On Friday the NJ DOE released its "Taxpayers Guide to Education Spending July 2012." Unlike other calculations, this per pupil cost algorithm incorporates transportation, special revenues, pension and benefits paid by the state, facilities (including debt service), equipment, total food services, judgments against the school district, and tuition/costs for students sent out of district. Coverage from the Star-Ledger and Press of Atlantic City, which "shows the average annual per-student cost dropped from $17,787 in 2009-10 to $17,352 in 2010-11." Outliers include the Vineland Charter School, at $10,362 per student," and Bergen County Special Services School District, which "had the highest total per student cost statewide in 2010-11 at $89,831."
Once again the Senate Judiciary Committee will consider whether Chris Cerf should be NJ’s Education Commissioner. (He’s held this post for two years. Why would the Judiciary Committee draw attention to its irrelevance in this spitting war? Who knows.) Star-Ledger coverage here.
The NJ DOE proceeds with its new rating system for teachers and, new this year, principals. A $1.4 million grant will be shared by 34 districts to implement the pilot. Here’s NJ Spotlight and Star-Ledger coverage.
The Courier-Post profiles Rueben Mills, Camden’s new “Acting Interim Superintendent,” who was cast into the “highly provisional job” after Superintendent Bessie LeFra Young was ousted by the School Board.
NJ Spotlight and the Star-Ledger examine the nine new charter schools approved by the DOE. None are online charters, which are hotly opposed by Education Law Center, NJEA, and Assembly Education Chair Patrick Diegnan, although two -- Newark Prep and Merit Preparatory Of Newark Charter will offer "blended learning" in a school setting. (More on that from NJ Spotlight.)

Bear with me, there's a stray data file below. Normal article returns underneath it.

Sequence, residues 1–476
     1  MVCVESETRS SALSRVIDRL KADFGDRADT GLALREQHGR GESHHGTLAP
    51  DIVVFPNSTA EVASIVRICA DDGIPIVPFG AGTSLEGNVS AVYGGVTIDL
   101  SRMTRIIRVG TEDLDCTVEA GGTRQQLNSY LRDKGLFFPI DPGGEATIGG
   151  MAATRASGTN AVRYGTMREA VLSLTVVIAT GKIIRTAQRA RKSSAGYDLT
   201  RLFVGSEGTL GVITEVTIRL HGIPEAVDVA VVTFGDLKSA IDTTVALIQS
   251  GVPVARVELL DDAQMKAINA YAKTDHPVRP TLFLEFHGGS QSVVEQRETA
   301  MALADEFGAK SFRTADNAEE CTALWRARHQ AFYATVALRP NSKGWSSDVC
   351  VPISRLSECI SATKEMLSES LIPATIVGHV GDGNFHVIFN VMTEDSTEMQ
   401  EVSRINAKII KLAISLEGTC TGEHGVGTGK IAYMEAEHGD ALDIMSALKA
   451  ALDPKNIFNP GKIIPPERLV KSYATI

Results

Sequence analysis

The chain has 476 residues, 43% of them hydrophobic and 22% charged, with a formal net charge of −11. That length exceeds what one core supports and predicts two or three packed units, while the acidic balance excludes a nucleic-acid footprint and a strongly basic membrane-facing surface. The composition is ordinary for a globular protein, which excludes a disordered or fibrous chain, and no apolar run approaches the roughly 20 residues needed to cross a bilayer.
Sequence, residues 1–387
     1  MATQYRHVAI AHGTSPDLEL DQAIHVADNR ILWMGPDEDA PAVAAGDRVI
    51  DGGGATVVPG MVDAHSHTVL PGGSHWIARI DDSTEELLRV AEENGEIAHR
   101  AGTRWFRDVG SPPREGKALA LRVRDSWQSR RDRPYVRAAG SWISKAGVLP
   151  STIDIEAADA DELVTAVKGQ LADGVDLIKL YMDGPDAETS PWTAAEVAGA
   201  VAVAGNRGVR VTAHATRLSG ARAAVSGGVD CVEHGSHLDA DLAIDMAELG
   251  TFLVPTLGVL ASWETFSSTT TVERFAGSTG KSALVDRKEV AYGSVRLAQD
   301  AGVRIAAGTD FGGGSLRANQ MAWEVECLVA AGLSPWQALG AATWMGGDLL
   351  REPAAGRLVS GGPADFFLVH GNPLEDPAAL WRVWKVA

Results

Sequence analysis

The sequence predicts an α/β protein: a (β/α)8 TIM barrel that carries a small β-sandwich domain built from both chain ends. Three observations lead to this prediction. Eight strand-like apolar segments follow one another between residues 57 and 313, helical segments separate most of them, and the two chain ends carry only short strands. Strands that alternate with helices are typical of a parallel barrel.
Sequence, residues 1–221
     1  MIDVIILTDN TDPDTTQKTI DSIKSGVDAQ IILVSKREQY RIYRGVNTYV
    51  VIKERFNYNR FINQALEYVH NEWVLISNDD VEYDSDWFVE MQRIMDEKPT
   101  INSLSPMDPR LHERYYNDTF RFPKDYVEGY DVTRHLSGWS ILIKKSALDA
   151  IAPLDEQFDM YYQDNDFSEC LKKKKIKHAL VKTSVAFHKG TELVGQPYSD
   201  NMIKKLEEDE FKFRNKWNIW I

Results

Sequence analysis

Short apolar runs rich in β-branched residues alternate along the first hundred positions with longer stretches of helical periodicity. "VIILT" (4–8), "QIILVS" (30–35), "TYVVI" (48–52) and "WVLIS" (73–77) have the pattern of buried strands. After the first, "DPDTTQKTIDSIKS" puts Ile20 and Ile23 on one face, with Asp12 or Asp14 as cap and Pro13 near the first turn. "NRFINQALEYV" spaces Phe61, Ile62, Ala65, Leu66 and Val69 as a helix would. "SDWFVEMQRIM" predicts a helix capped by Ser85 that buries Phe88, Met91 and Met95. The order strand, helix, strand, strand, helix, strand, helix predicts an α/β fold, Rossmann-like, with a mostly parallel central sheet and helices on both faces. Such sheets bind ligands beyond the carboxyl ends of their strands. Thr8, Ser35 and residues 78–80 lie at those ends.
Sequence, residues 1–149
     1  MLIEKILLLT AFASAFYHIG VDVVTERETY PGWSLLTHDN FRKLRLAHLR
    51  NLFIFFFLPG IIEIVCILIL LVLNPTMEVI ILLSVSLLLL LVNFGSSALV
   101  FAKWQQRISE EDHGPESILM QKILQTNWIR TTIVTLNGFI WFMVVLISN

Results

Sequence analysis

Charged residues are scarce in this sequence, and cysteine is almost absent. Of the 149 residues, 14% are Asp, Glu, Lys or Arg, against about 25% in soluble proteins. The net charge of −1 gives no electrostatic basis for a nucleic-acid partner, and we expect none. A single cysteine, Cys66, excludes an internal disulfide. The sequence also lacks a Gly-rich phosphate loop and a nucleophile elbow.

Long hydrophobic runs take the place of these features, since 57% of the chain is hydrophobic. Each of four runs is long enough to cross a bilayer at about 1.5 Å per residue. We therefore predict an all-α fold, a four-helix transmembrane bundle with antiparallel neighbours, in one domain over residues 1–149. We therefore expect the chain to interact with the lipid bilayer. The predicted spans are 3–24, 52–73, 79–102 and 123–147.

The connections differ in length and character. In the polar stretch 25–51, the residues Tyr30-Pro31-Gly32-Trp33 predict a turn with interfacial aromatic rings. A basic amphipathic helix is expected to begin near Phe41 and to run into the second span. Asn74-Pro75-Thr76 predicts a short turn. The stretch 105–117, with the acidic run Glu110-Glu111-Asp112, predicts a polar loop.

The Asbury Park Press looks at the (not so new) trend of parents “red-shirting” young children, i.e., delaying their entry into preschool or kindergarten, in order to give them an competitive advantage.
The Trenton Times reports that
negotiated teacher raises are shrinking in Mercer County due to the State’s 2%
Richard Bozza, Exec. Dir. of the NJ Principals and Supervisors Association, discusses the next steps in tenure reform, implementing common core standards, and teacher/principal evaluations.
The Press of Atlantic City editorializes that NJ's Anti-Harassment, Intimidation, and Bullying Law "is far too cumbersome. School districts charged with
implementing it are foundering in waves of paperwork, minutia and unreimbursed
The New York Times's latest edition of Education Life is out today.
Correction: The Executive Director of NJ Principals and Supervisors Union is Patricia Wright. Richard Bozza is the Executive Director of NJ Association of School Administrators.